I'm going to rephrase a question I asked earlier, as I don't think anyone understood what I meant.

Bascially I'm writting a web based password locker, which can have multiple accounts; so that users can share passwords (useful if you're in a website company and need to share login details to say "1&1" or "Fasthosts" etc...).

I've been doing tons of research into encryption algorithms, CSPRNGs, hashing algorithms, key stretching etc...

I dont want to implement my own encryption or hashing algoritms (because thats a big no-no!) instead, I want to use existing algoritms and apply them in a way that I've understood from my research.

I'm not a cryptogropher, so I may have understood something incorrectly, or something I've read about has actually been found to be insecure or its an old way of doing things and something better has come along. So I'd like to discuss what the thoughts are about implementing:

Hashing for storing the passwords of user accounts. and;

Encryption for storing the login details of websites that users can share.

Hashing

So, first of all, I need to store hashes of account passwords (these are the accounts that log into the application to view the shared passwords).

After reading around, my understanding is that to make a hash "more secure", you need to use scrypt or bcrypt or pbkdv2. I've found an implentation of these 3 alrogithms in "CryptSharp" (hopefully this is a secure implementation of these algorthms) - also after further research (http://www.tarsnap.com/scrypt/scrypt.pdf) it looks like sCrypt is a more secure way of creating a hash.

Is scrypt a secure way to create a hash of a user's password or should I use one of the other two (i.e. maybe sCrypt hasnt been tried an tested as much as the other two)? How can I tell if the implementation of sCrypt in "CryptSharp" is a good secure implementation?

Encryption

As the data will be shared between users, I shall need to make sure that the system uses a master encryption key for the entire project, and that this is stored securely.

My thinking here is generate an encryption key and initialization vector (3 of them - I'll explain why) - these will be generated with RNGCryptoServiceProvider, and all 3 will be concatenated into Key1|IV1|Key2|IV2|Key3|IV3 so that they can be split and used with the encryption algorithms.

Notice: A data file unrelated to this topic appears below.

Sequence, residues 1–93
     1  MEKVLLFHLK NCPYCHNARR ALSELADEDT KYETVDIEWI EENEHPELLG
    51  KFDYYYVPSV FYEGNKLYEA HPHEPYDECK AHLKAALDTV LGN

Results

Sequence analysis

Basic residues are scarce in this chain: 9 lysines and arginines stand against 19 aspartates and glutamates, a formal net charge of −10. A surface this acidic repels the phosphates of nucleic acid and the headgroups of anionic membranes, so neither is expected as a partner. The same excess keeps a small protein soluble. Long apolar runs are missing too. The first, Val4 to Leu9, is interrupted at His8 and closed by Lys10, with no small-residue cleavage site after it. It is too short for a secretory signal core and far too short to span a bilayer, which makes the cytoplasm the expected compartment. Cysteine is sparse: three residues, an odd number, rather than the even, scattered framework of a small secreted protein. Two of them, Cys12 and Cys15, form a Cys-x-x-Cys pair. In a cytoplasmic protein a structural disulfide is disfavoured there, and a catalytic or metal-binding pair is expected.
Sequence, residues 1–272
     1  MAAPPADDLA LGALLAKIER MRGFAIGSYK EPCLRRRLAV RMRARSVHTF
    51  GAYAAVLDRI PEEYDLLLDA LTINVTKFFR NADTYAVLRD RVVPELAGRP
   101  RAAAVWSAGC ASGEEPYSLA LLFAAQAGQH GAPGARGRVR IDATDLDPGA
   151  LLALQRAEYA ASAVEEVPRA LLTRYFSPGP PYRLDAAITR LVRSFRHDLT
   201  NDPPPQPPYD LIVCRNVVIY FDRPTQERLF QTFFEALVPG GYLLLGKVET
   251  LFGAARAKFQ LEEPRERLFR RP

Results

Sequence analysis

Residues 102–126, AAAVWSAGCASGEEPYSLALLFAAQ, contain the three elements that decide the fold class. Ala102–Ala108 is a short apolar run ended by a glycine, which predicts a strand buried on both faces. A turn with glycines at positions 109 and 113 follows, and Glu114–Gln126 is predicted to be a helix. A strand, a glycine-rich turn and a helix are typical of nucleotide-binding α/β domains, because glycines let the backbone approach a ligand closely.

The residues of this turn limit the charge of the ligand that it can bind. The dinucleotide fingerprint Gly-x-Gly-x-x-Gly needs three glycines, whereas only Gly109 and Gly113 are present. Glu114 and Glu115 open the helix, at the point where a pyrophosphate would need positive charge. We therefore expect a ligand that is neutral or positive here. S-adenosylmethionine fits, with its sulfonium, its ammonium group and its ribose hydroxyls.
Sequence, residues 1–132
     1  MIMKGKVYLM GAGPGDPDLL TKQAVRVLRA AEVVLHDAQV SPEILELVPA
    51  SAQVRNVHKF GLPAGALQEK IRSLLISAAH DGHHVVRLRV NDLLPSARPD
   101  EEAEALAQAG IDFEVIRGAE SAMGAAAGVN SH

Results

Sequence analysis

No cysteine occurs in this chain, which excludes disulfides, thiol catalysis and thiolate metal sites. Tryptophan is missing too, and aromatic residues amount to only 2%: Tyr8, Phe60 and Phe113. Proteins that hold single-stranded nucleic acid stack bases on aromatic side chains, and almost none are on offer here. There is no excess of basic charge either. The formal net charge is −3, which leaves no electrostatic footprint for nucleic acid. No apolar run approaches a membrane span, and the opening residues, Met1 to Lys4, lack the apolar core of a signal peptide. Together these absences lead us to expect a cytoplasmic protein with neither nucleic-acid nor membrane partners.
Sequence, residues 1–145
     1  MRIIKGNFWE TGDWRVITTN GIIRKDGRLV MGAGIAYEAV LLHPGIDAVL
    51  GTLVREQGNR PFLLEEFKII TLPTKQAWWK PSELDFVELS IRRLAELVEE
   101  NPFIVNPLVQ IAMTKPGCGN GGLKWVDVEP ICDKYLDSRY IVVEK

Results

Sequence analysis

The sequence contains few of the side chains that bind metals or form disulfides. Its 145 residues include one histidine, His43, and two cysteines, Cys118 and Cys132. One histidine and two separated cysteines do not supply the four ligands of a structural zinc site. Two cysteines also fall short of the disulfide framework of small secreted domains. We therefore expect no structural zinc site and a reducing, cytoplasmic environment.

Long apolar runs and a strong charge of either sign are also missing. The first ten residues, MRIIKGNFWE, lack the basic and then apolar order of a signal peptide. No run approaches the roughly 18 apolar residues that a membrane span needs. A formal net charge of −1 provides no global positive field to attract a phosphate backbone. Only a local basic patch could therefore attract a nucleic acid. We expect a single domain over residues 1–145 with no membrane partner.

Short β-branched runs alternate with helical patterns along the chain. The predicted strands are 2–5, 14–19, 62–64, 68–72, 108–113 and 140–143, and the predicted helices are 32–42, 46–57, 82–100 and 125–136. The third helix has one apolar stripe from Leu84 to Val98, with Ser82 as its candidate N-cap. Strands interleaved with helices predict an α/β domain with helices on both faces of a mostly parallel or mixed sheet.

I need some way of storing this concatenated string of IVs and Keys, so after some research I came across Microsoft's Data Protection API (ProtectedMemory.Protect( secret, MemoryProtectionScope.SameLogon )) - my understanding with this, is that the App Pool will need to run under a user account, and "load profile" set to true. The resulting encrypted string will then be stored in an XML setting file.

With regards to encrypting the passwords to be shared, I read about "cascading encryption" (used in TrueCrypt). The encryption algorithms TrueCrypt uses are; AES, TwoFish, and Serpent. I've found an implementation of these (http://www.bouncycastle.org/csharp/ - which again, I hope is a secure implementation). This is where the 3 IVs and Keys will be used; so effectively the data will be encrypted like so: Serpent(TwoFish(AES(data,key1),key2),key3).

So just to be clear on this; this is the process flow of encryption within the system:

  1. Upon installation of the system, the system will use RNGCryptoServiceProvider to create 3 encryption keys and 3 IVs.
  2. These 3 keys and IVs will be concatinated into a single string: Key1|IV1|Key2|IV2|Key3|IV3 (so I can split them and use them in the 3 encryption algoritms).